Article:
“It is a long term trend that more people are working after 65. The new pensions system is very clear in that it offers a higher pension if you delay becoming a pensioner,” Eskil Wadensjö, a professor in labour market policy at Stockholm University, explained.
The jobs crisis is hitting several groups hard. Men are affected to a greater extent than women and that it reflected in the statistics, even among those over 65.
The number of men over 65 still in work declined to 67,000 in the second quarter from 70,000 in the second quarter 2008.
“The decline in the labour market is affecting the construction and manufacturing industries primarily. It is therefore first and foremost men that are losing their jobs,” Wadensjö says.
The number of women in the same age that remain in work has however increased from 24,000 four years ago to 40,000 today.
An important incentive for those electing to work beyond the statutory pension age of 65 is that taxes are cut as a result of the working tax credit introduced by the current government.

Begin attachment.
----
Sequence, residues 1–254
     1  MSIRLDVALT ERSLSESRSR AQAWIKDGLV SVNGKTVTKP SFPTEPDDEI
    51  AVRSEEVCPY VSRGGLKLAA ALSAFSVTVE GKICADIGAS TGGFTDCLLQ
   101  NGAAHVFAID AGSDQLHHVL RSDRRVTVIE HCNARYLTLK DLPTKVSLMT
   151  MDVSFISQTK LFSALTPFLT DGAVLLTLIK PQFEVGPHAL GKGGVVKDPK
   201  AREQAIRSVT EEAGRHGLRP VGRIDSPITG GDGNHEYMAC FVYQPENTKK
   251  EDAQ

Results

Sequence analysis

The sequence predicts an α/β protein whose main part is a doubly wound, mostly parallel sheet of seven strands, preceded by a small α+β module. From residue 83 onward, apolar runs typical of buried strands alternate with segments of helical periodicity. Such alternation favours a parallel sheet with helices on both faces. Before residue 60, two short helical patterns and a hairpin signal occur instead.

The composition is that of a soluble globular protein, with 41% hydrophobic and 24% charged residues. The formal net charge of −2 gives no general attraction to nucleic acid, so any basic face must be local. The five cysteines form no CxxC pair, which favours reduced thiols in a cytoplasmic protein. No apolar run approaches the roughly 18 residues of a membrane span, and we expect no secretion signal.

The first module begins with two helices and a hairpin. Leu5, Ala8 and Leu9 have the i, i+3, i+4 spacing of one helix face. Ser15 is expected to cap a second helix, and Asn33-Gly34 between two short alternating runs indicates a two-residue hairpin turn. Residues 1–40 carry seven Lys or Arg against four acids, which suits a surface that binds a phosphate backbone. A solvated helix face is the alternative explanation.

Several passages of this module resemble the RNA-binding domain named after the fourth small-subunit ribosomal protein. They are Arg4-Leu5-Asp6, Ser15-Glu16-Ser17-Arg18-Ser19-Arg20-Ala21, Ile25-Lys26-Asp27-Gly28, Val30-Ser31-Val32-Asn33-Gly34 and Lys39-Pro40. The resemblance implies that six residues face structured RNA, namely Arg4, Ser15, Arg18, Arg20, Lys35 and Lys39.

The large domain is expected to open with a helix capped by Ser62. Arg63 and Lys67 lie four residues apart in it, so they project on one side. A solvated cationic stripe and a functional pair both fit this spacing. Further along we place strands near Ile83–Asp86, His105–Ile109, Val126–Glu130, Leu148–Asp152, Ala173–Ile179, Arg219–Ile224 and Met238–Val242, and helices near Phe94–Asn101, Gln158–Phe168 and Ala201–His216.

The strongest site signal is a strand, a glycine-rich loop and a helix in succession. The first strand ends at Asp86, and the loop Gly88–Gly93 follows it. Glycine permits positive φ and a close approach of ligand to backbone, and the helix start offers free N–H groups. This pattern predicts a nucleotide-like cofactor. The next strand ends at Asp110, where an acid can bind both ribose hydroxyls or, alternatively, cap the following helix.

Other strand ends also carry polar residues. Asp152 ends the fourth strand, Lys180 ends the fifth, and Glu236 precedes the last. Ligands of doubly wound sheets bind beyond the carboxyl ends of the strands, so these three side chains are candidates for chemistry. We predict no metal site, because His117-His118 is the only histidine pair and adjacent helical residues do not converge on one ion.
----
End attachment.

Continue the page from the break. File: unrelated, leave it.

Women have an additional reason to keep working as many have fewer years of employment, due to longer periods of parental leave, according to Wadensjö.
“A key trend is that the pension age will be delayed as there are significant financial incentives to work,” said Lennart Flood, professor in economics at Gothenburg University.
From society’s perspective it is better if a greater number of people continue to work.
“It improves the public finances as it leads to an increase in tax revenue.”
Youth unemployment continues to increase however, but Wadenjsö rejects the assertion that this would decline if a greater number stopped working in favour of drawing their pension.
“No, more likely the opposite. The old and the young do not compete with each for jobs,” he said.